Dig was doing great and still walking along after remounting, until a group came of 8 riders came along and passed us.  He got worried and tense, wanting to rush along as they were approaching.  We pulled over to let them by, and to Dig's chagrin I insisted that he continue to walk jig WALK (or attempt to) until he could/would actually walk on a loose rein, which only took a bit over a mile or so.  Once he proved he was indeed capable of walking on a loose rein, we picked up the trot and passed 5 of the horses that had initially passed us.  We continued down the beach and had our photos done by Kitty with Projections Photography.

Mr. Diego cruising along

Ronda and Quiksilver aka Quik
From there we continued on until catching the evil-mule-wagon having a potty stop at one of the restrooms along the beach.  We waited behind until they got moving, and then used the rest of that loop to slowly work Quik closer and closer to the wagon.  At one point, Diego would have happily trotted along next to and past it, but I looked back and Quik was debating if it would be worth possibly running through a barb wire fence or not.  We decided not to chance it and just continued along behind.  In fact, that team of mules was moving out so well, that eventually they got ahead and then out of sight.  Diego went past a crazy chained up snarling dog like it ain't no thang, then decided the cavorting mini-horses in the corral next to the dog were the devil incarnate and had to wait for Quik to come lead him by.  Made it back into camp from the 9 mile loop around 1:30 pm as I recall, so 2:15 total time for that loop.

Both horses met the pulse criteria of 64 and had a good drink of water at the trough.  We took them back to the trailer and let them eat for another 15 minutes or so before leaving for the next loop.  We left the same time as Dr. McCartney DVM and her group of 4 (5 total) so were a fairly good sized pack heading out, bringing up the tail-end of the ride.  The next loop was a series of 90-degree turns that wound us back out and along the perimeter of the lake property along some sandy/dirt rural roads before turning and taking a fairly straight course back through the neighborhood and around to camp.  Both horses were still moving well, but Quik was starting to slow some so we took it easy and only trotted a moderate pace and took several walking breaks as needed.  There was one point where we were trotting along, and I think I was scolding Diego for something, when he suddenly let out one huge giant buck!!  I got after him a bit and then Ronda and I both laughed, he was SUCH a teenage boy at that moment "But I don't WANNA do that!!!"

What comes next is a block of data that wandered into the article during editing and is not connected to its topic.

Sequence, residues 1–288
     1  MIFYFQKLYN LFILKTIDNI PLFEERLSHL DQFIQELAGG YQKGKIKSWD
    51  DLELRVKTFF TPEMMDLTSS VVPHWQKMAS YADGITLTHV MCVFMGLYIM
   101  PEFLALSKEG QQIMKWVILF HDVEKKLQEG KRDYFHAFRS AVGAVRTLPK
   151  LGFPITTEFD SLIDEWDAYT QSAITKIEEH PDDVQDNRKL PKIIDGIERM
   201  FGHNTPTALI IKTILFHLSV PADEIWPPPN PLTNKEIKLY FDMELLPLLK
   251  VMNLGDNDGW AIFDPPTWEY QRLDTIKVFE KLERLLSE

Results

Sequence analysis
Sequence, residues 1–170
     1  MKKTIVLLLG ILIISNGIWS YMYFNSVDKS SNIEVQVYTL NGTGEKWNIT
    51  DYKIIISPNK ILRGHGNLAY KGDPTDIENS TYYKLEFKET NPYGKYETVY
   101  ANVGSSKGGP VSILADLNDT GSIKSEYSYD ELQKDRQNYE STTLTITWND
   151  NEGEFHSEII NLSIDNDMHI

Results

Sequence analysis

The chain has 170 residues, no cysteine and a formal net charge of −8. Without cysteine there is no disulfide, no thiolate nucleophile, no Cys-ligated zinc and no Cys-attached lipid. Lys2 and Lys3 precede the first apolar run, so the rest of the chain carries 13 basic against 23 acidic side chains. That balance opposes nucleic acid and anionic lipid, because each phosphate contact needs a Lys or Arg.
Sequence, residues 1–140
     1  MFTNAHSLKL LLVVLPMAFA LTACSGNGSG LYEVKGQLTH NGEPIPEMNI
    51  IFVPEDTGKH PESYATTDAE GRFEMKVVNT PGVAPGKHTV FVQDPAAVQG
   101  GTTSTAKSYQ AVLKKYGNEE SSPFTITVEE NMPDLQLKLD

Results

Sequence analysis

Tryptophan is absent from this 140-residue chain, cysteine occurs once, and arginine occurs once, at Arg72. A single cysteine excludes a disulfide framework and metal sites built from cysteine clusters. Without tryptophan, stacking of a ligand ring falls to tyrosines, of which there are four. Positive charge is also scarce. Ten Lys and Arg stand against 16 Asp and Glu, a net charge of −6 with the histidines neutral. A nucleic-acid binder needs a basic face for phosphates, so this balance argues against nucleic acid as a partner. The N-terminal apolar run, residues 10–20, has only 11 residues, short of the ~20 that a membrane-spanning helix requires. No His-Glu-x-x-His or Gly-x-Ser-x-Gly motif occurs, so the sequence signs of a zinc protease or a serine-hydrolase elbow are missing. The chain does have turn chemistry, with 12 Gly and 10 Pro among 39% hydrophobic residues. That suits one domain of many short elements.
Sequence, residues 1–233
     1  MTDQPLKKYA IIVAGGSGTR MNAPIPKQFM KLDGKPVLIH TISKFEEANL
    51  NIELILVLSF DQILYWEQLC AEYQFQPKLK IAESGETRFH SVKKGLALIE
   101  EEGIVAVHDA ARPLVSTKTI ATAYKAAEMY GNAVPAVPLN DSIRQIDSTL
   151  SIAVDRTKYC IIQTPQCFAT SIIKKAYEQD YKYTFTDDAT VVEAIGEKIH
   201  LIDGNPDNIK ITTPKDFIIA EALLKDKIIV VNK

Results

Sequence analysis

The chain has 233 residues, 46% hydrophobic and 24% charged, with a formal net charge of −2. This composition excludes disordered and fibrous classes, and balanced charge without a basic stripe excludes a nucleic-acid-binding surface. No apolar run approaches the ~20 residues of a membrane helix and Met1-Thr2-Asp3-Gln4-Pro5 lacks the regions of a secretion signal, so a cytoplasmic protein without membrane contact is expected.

We did have a short cantering session once we turned towards camp.  Quik, who normally has awesome "this direction is home/the trailer" radar and goes 2x as fast when pointing that way, was too confused (or possibly tired) by all the right-turn, left-turns and didn't seem to catch on to where we were.  He actually did very well, only really slowing down the last 3 miles before camp.  I had told Ronda that Diego pretty much did the same thing I took him that far.  Dig even stopped a 1/2 mile out from camp, where we could SEE THE TRAILERS and insisted that he needed a break.  Once I got him to actually look up and notice where he was, he happily decided he could make it that far.    Quik did better, happily plodding along and even trotting a bit to catch up and finished in fine shape.  We managed to pass two people in the last few miles, who finished about 30 seconds behind us so we weren't dead last, something Ronda was happy to avoid.  ;)  I didn't look, but I think it was a bit after 4 when we finished, maybe even a bit before, so a total of about 5 hours to do the full 20 miles, including the 25 minutes or so we were stopped in the middle.  Not to bad for a first venture!!!

Bringing new people into the sport is probably my # 1 most favorite thing to do, so I'm glad that we all had such a great time and that everyone (well... maybe not Quik, LOL) is looking forward to doing it again!

2012 Goals

Aaahhhhh.... The start of a new year.  The time when we start to look ahead and plan what we want to accomplish.  I've always been a goal-setter and planner by nature, always looking ahead and striving to achieve that next milestone, whether in my career, personal life, or riding.  But January is the time when we get to publicly declare to all what we're intending to accomplish, for better or worse.  ;)
  1. Complete a 100-mile ride with Diego.  Kind of a big one, considering we just did his first 50 last season, but I have a sincere love and passion for the distance and I feel that we should be able to accomplish this just fine with some determination and steady training.  Dig is already shaping up to be a wonderful endurance horse, this next season will be about fine-tuning the smaller things and teaching him to shine.
  2. Track training/ride mileage for Diego.  I started an Excel spreadsheet last year and that has been working well for me.  As a very unexpected but totally awesome Christmas surprise, my parent's bought me a Garmin Forerunner 405!!!  I just need to get the heart rate belt adapted for Diego, and now I can REALLY and accurately track our training miles.  Need to figure out the best way to charge and store it so that I'll always have it handy and ready to be used.
  3. Work on my own personal fitness.  I found a workout buddy at my office, and we had been going out at lunch and getting some activity in, although we slacked off this past month.  I also bought myself a couple of DVD's for Christmas to hopefully get motivated.  I'm SSSOOOO not a morning person, so doing something at lunch time seems to work best for me.  Now to just DO it and not find excuses to continue sitting at my desk.
  4. Continue eating better, strive for less unhealthy carbs.  Dinners are still hard for me to cut carbs too much, since I'm cooking for my husband and son as well, but perhaps to offer a second vegetable choice, and to use more meat and veggies and less pasta/rice as fillers for the meal.  Looking for recommendations for easy, quick, grab-and-go breakfast ideas that are low/no-carb and high in protein, but lower in dairy.
  5. Blog more.  I love reading them, but don't always take the time to WRITE them.  =)  Got to continue to work on that.  Maybe I'll try to start some sort of weekly feature(s) that I can find and schedule in advance to help drive my postings up a bit.
Hope you all have a wonderful and successful New Year as well!